These aren’t the only cameras the Leica M7 measures favourably against in this respect either. Take the Nikon range of manual focus SLR cameras. The FM’s have LED metering readouts like the M6, you can see the readout in lower light, but they don’t have the advantages I’ve been talking about in the same way the M6 and it’s simple LED meter doesn’t. The FE’s and FM3A have some of the advantages through the well implemented use of matched needle meters, you just can’t see the readings quite as easily in lower light. The F3 has as digital readout, but relies on a crappy little light to illuminate the screen… I could go on for ages! For me though, for my requirements, the way in which the Leica M7 meters, and performs it’s AE function are absolutely ideal! In fact, I would go as far to say that, with the M7 in my hand I feel more confident about my ability to shoot a photo with the exposure I was aiming for than I do with any other camera I have shot with to date.
Further thoughts on the level of automation in the Leica M7
I read a lot about cameras online, and I find a lot of commentary on automation. More specifically where automation is looked upon as cheating to some degree. Whilst I wouldn’t ever invalidate any method of photography to the extent of calling it cheating, I do see some truth in the idea that over simplification of function in the wrong hands can lead to laziness. In the case of the Leica M7, the level of automation is not – in my view at least – there to encourage or aid a point & shoot mentality. It is there to give the user a very valid method for ascertaining correct exposure. This is in fact where I found myself completely agreeing with matey on luminous landscapes. A completely manual camera can hinder the process of photography, especially within certain fields. The M7 does its best to get out of the way of the the photographer, it allows for quick decisions and fast action without patronising the user or overriding the his or hers actions with over simplification or over dumbing down of function.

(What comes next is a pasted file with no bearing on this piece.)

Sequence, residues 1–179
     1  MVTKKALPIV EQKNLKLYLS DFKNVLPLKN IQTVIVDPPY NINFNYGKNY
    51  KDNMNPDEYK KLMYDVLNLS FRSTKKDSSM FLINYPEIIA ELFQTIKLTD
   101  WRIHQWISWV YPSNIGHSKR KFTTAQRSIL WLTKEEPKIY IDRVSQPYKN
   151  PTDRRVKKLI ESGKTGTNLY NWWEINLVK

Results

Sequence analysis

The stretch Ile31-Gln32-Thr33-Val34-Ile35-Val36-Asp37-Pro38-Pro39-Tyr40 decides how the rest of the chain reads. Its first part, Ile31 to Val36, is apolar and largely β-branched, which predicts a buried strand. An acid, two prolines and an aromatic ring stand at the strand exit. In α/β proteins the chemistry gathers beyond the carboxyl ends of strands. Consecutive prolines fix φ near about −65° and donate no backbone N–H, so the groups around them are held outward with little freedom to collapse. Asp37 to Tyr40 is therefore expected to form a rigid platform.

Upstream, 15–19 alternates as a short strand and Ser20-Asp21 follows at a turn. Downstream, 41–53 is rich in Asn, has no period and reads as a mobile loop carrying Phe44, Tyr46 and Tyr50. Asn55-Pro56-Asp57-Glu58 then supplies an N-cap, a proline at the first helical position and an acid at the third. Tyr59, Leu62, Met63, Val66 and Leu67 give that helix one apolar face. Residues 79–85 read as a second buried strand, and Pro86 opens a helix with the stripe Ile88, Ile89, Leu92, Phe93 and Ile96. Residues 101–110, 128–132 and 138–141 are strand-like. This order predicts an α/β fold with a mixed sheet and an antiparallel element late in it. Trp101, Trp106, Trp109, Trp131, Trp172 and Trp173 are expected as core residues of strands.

There is also a fringe benefit of this AE function in the Leica M7. In the way I use the camera, it makes the crappy exposure compensation dial pretty much redundant!
A quick word on the Leica M7 in the hand
There is one other fairly major reason for which I place the Leica M7 on a bit of a pedestal. This is admittedly only based on what might have been (but certainly didn’t look like) a dog of an M6, but this M7 is by comparison very smooth. I remember thinking how nice the M6 was to use, but the M7 feels smoother to me. It’s especially noticeable in the film advance lever, it’s like a knife through butter! The shutter speed selection also feels perfect, in fact all the controls (ignoring plastic abomination on the back) feel perfect! There is only one other camera in my collection that equals the feel of quality the M7 has, and that’s the Leica iiia, but even that doesn’t feel quite as smooth in its mechanical function… I guess this stuff almost goes without saying though.
Pride of ownership
So, enough about the camera itself, it’s just a tool after all… isn’t it? To me a camera is a tool, but since when does a tool only have to be about it’s function? This is the second post I have written where I have talked about the history of the Leica, I won’t go over the details again, but taking all that into account, how can I not be proud to own such a thing? I do think some people mistake pride in cameras, or at least the mention of it, as their owners using them for bragging rights. That might be the case for some, but pride in ownership of a camera is not about that for everyone.
I love owning such a beautiful luxury camera. And that is, its fair to say, a portion of what a Leica is – a luxury object. But this is not for the benefit of showing off, it is for the benefit of personal enjoyment. It cost me a shit pile of cash, especially when including the cost of the lenses. I could have taken my family on holiday probably twice over for what this cost me, but instead I selfishly spent the money on myself. How can I not respect it, appreciate it, and take pride in owning it when taking all that into account.